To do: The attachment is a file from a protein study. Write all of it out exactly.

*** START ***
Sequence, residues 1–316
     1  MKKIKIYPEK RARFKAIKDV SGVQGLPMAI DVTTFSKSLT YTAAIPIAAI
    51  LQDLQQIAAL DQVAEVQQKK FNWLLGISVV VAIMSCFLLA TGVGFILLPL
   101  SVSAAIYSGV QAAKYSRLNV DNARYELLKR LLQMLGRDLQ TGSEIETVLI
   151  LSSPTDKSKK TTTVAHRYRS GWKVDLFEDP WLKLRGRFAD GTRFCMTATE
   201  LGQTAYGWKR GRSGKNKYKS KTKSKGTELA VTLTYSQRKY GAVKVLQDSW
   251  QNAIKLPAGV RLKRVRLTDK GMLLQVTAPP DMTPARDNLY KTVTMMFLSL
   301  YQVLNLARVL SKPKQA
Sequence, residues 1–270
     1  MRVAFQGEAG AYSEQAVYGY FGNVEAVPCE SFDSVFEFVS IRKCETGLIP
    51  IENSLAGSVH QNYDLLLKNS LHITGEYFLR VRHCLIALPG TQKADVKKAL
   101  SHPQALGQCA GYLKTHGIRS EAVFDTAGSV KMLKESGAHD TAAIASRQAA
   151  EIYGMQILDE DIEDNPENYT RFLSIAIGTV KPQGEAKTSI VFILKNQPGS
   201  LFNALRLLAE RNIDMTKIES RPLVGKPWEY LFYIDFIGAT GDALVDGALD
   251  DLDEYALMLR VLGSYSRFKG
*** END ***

Sequence, residues 1–316
     1  MKKIKIYPEK RARFKAIKDV SGVQGLPMAI DVTTFSKSLT YTAAIPIAAI
    51  LQDLQQIAAL DQVAEVQQKK FNWLLGISVV VAIMSCFLLA TGVGFILLPL
   101  SVSAAIYSGV QAAKYSRLNV DNARYELLKR LLQMLGRDLQ TGSEIETVLI
   151  LSSPTDKSKK TTTVAHRYRS GWKVDLFEDP WLKLRGRFAD GTRFCMTATE
   201  LGQTAYGWKR GRSGKNKYKS KTKSKGTELA VTLTYSQRKY GAVKVLQDSW
   251  QNAIKLPAGV RLKRVRLTDK GMLLQVTAPP DMTPARDNLY KTVTMMFLSL
   301  YQVLNLARVL SKPKQA
Sequence, residues 1–270
     1  MRVAFQGEAG AYSEQAVYGY FGNVEAVPCE SFDSVFEFVS IRKCETGLIP
    51  IENSLAGSVH QNYDLLLKNS LHITGEYFLR VRHCLIALPG TQKADVKKAL
   101  SHPQALGQCA GYLKTHGIRS EAVFDTAGSV KMLKESGAHD TAAIASRQAA
   151  EIYGMQILDE DIEDNPENYT RFLSIAIGTV KPQGEAKTSI VFILKNQPGS
   201  LFNALRLLAE RNIDMTKIES RPLVGKPWEY LFYIDFIGAT GDALVDGALD
   251  DLDEYALMLR VLGSYSRFKG